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Safety of Darfur peacekeepers tops talks between UN, African Union and Sudan
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May 11, 2010 - 7:27:58 AM

Safety of Darfur peacekeepers tops talks between UN, African Union and Sudan

Coffin of UN peacekeeper killed in ambush being carried at Nyala airport for repatriation

10 May 2010 The protection of blue helmets serving in Darfur has topped the agenda of the latest talks between the United Nations, the African Union and the Sudanese Government, which are taking place just days after two peacekeepers were killed and three others seriously wounded in an ambush in the war-torn region.

The meeting of the so-called Tripartite Mechanism, held today in the Ethiopian capital, Addis Ababa, also focused on the continued implementation of the mandate of the joint UN-AU peacekeeping force, known as UNAMID.

The mission was established by the Security Council in 2007 to protect civilians in Darfur, where an estimated 300,000 people have been killed and another 2.7 million forced from their homes since violence erupted in 2003, pitting rebels against Government forces and their allied Janjaweed militiamen.

On Friday, two Egyptian soldiers serving with UNAMID died after their convoy, carrying out a routine patrol, was attacked by about 20 unidentified armed gunmen who opened fire without warning in a remote area of South Darfur state. Their deaths bring the number of UNAMID personnel killed as a result of hostile actions to 24 since the mission was established.

At present, UNAMID is at 87 per cent of its full strength of some 26,000 military and police personnel.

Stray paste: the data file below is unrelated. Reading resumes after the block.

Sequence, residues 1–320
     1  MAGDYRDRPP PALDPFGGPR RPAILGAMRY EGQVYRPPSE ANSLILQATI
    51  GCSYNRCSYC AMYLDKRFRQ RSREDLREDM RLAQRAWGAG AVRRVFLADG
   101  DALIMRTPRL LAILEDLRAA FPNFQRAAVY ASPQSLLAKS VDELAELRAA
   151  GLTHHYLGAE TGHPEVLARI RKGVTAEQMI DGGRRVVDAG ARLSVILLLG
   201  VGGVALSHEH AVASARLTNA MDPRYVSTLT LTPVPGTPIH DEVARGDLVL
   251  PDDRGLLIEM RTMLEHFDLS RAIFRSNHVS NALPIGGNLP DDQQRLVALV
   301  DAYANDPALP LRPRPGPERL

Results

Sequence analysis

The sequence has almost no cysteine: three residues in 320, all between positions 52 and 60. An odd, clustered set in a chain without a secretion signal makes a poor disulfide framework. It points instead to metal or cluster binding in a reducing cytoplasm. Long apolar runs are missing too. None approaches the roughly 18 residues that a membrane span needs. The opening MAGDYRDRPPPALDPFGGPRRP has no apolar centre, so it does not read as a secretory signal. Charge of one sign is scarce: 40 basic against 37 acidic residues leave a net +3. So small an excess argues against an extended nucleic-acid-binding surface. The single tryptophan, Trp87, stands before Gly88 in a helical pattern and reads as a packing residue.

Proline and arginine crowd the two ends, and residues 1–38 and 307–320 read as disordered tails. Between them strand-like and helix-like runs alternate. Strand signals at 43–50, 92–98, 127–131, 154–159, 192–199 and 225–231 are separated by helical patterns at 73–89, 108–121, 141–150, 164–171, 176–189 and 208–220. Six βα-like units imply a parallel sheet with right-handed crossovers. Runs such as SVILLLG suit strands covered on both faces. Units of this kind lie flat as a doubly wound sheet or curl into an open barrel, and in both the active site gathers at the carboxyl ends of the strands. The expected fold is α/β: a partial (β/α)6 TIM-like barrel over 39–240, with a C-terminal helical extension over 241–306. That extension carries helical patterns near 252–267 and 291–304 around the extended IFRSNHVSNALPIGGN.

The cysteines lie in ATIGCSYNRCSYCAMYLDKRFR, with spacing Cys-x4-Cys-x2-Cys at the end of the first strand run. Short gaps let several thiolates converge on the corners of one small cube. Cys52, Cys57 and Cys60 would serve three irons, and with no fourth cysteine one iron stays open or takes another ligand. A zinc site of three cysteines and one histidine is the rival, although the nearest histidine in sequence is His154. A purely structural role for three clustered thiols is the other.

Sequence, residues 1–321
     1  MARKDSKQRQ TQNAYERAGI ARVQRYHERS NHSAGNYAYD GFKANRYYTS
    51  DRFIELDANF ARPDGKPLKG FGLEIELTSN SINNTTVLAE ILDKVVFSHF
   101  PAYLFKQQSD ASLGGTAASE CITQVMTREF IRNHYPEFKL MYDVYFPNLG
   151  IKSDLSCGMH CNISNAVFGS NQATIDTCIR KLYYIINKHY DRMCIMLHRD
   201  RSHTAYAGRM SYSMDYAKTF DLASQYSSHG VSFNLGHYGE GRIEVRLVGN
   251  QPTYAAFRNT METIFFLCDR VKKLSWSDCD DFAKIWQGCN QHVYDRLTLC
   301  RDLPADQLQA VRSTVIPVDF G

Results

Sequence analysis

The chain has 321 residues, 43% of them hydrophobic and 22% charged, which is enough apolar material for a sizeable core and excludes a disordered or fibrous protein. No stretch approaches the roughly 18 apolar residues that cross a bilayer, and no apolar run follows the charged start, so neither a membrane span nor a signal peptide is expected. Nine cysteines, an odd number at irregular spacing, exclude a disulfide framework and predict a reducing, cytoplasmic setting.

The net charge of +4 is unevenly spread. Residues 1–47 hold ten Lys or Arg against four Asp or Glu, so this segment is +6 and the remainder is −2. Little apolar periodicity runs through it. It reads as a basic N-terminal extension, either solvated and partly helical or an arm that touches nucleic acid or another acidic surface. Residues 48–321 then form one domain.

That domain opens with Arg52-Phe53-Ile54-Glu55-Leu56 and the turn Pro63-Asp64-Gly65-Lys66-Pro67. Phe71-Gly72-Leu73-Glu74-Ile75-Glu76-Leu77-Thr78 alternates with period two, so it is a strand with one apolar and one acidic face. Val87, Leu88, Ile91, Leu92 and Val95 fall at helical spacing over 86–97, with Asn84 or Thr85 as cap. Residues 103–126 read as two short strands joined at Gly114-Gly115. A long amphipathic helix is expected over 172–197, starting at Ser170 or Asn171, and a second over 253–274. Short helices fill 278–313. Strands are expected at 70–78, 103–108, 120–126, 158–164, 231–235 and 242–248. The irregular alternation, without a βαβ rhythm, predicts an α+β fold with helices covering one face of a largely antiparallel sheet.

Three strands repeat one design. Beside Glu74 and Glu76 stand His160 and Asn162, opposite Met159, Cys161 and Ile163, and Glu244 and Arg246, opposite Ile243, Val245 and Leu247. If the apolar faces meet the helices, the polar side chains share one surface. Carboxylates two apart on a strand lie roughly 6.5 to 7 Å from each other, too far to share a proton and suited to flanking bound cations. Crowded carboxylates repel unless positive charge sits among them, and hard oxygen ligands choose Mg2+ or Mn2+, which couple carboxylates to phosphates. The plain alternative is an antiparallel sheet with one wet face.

In his latest report to the Security Council on UNAMID, Secretary-General Ban Ki-moon wrote that even though the mission is moving towards full capacity, it continues to lack crucial equipment required to enhance the capability of both its military and police units.

I am encouraged by the progress that UNAMID has made towards full deployment in Darfur. At the same time, continuing shortfalls in terms of the self-sustainment of military and formed police units remain a challenge to the operational capability of the mission, Mr. Ban wrote.

He thanked troop- and police-contributing countries, urging them to ensure that the necessary arrangements are made for the deployment of the equipment and other facilities. Helicopters and military vehicles such as armoured personnel carriers continue to be in short supply.

Under-Secretary-General for Peacekeeping Operations Alain Le Roy, along with officials from UNAMID, including Joint Special Representative Ibrahim Gambari, are attending the Addis Ababa meeting, which is also slated to discuss the provision of a radio broadcasting license for the mission.

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